Almost every example of a shoplifting case that goes before area courts is a Misdemeanor. This means that while a conviction will create a criminal record, most people avoid spending time in Jail. While a Jail sentence is certainly possible, most Courts will treat shoplifting as a minor offense.
However, there are situations where a shoplifting conviction comes with harsher penalties. In some examples, shoplifting can even be a Felony. Law Enforcement and Prosecutors are aware of the aggravating factors in Wellington shoplifting cases and are on the watch for them when making arrests and pursuing charges. A knowledgeable shoplifting Attorney could help you understand these aggravating factors and why your case is moving forward as it is.
The Value of the Items Involved Makes a Shoplifting Case More Serious
Shoplifting is one example of behavior that falls under the State’s theft laws. Under Florida Statute § 812.014, one factor in determining the seriousness of any theft case is the value of the item or items involved in the incident.
Most cases with a value of below $750 will be Misdemeanors. However, if the value of the items rises above this level, the case can move forward as a Felony. Making matters worse, Prosecutors can combine the value of multiple items involved in an incident to determine the seriousness of an allegation. For example, if a person supposedly shoplifts three purses with a value of $500 each, the case will be a Felony. As a result, the value of items involved in a shoplifting incident in Wellington is an aggravating factor.
A Person’s Prior History of Shoplifting
Shoplifting can be a minor offense if a person has stayed out of trouble in the past. However, a prior criminal history of shoplifting convictions can make an allegation much more serious. This is another aggravating factor for an individual facing shoplifting allegations in Wellington.
The shoplifting statute found in Florida Statute § 812.015 says that if a person has a prior shoplifting conviction on their record, any subsequent conviction must include a fine of between $50 and $1,000. In addition, committing multiple offenses within 30 days can lead to shoplifting charges that rise to the level of Felonies. These Felonies carry mandatory minimum prison sentences upon conviction.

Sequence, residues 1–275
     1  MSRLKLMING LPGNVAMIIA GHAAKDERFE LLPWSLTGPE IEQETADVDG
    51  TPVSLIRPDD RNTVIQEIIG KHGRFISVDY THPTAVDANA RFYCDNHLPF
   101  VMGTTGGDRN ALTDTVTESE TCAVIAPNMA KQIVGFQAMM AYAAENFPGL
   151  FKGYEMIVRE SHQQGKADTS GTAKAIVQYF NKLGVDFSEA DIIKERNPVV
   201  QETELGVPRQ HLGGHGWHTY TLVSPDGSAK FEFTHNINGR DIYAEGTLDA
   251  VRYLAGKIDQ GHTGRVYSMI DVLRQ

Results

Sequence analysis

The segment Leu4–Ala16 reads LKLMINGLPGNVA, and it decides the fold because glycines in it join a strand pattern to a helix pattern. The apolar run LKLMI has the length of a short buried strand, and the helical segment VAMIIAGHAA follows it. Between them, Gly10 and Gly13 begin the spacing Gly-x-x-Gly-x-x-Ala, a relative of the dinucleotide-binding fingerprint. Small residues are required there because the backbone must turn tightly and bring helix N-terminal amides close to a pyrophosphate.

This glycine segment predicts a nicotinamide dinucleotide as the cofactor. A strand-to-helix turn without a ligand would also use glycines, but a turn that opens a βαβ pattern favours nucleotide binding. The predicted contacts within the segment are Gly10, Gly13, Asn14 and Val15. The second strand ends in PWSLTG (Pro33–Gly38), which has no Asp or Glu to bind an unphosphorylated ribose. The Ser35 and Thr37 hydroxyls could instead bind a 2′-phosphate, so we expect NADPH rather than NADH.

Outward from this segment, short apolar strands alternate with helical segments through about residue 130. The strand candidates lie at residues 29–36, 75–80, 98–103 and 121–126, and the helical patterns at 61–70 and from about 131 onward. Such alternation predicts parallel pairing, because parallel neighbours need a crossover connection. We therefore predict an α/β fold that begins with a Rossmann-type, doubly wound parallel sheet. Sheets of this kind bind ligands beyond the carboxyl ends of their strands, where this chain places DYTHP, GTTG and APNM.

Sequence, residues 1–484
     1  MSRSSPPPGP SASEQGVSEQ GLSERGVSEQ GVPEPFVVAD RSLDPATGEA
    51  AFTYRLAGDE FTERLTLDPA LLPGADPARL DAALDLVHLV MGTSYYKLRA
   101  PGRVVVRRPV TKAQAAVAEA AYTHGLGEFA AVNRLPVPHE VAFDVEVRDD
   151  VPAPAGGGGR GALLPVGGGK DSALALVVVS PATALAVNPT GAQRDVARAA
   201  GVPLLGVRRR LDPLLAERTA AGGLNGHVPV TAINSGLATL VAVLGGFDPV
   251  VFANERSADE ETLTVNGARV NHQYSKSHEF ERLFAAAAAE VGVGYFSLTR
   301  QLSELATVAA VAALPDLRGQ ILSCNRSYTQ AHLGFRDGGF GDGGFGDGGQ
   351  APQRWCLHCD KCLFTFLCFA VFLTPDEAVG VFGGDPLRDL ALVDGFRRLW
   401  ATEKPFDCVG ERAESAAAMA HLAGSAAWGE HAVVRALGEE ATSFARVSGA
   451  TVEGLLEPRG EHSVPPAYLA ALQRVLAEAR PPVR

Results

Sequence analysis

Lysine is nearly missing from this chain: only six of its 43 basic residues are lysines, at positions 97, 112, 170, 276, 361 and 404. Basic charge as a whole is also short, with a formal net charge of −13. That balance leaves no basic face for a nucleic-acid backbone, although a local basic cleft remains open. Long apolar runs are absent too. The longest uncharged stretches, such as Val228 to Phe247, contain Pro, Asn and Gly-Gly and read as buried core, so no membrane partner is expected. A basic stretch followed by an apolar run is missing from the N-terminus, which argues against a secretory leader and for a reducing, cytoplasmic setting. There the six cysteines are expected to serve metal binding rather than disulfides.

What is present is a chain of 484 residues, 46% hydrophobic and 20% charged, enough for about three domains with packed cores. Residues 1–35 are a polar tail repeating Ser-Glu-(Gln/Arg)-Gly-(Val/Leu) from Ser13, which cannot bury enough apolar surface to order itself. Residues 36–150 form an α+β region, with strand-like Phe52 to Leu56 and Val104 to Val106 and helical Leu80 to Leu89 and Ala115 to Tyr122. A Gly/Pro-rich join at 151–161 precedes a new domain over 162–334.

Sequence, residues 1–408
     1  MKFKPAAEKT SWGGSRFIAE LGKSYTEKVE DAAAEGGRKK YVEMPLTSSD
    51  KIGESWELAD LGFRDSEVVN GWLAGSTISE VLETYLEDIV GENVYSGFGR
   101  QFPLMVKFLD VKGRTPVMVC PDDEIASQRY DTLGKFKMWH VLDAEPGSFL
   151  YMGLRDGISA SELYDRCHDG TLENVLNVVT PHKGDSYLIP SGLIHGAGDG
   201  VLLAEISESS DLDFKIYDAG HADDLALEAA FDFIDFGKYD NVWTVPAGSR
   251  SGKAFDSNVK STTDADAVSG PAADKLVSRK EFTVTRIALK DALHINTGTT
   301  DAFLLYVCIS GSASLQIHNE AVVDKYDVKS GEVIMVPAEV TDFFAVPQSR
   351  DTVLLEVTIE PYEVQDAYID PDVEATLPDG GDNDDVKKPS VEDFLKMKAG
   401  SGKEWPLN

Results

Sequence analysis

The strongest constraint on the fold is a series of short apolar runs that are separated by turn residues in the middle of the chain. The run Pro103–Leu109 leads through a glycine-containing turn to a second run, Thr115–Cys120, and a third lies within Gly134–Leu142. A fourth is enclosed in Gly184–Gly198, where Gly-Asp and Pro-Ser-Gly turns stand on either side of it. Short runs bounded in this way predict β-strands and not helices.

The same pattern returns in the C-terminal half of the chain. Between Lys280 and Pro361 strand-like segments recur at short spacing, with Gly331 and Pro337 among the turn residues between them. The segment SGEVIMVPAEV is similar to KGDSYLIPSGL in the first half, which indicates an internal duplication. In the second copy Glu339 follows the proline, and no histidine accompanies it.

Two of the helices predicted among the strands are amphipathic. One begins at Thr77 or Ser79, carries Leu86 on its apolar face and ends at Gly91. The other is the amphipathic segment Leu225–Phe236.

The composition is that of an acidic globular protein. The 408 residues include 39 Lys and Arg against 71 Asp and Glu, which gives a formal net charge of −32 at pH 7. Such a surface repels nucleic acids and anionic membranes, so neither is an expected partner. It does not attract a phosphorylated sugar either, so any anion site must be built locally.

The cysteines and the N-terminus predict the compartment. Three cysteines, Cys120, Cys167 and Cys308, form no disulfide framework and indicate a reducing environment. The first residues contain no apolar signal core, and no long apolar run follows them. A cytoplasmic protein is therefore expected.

Using Tools or Obtaining Help During a Theft
Other aggravating factors deal with how a person in Wellington commits the shoplifting offense in question. For example, possessing or using any device to help a person commit shoplifting is illegal. This can include a tool to remove anti-theft devices or a substance to obscure a security camera.
Similarly, it is also a Felony offense to work with another to help in the commission of shoplifting. For instance, if one person works to distract a shop owner while the other takes merchandise, this is a Felony under state law. Finally, if a person steals property from a store and later attempts to sell it, this is also a Felony.
A Collection of Aggravating Factors in Wellington Shoplifting Cases Can Bring Harsh Penalties
Every shoplifting arrest is a cause for concern. However, most people are fortunate in that their case will be a Misdemeanor with no minimum penalty. Still, some situations can arise that make a shoplifting case more serious. These are the aggravating factors in Wellington shoplifting cases.
These factors can include the value of the items taken, whether a person has a prior history of shoplifting, and if they had any help through the use of a tool or another person. Consulting with a Lawyer now could help you better understand the factors that may make a shoplifting case more serious. Call Leifert & Leifert now to discuss your defense options.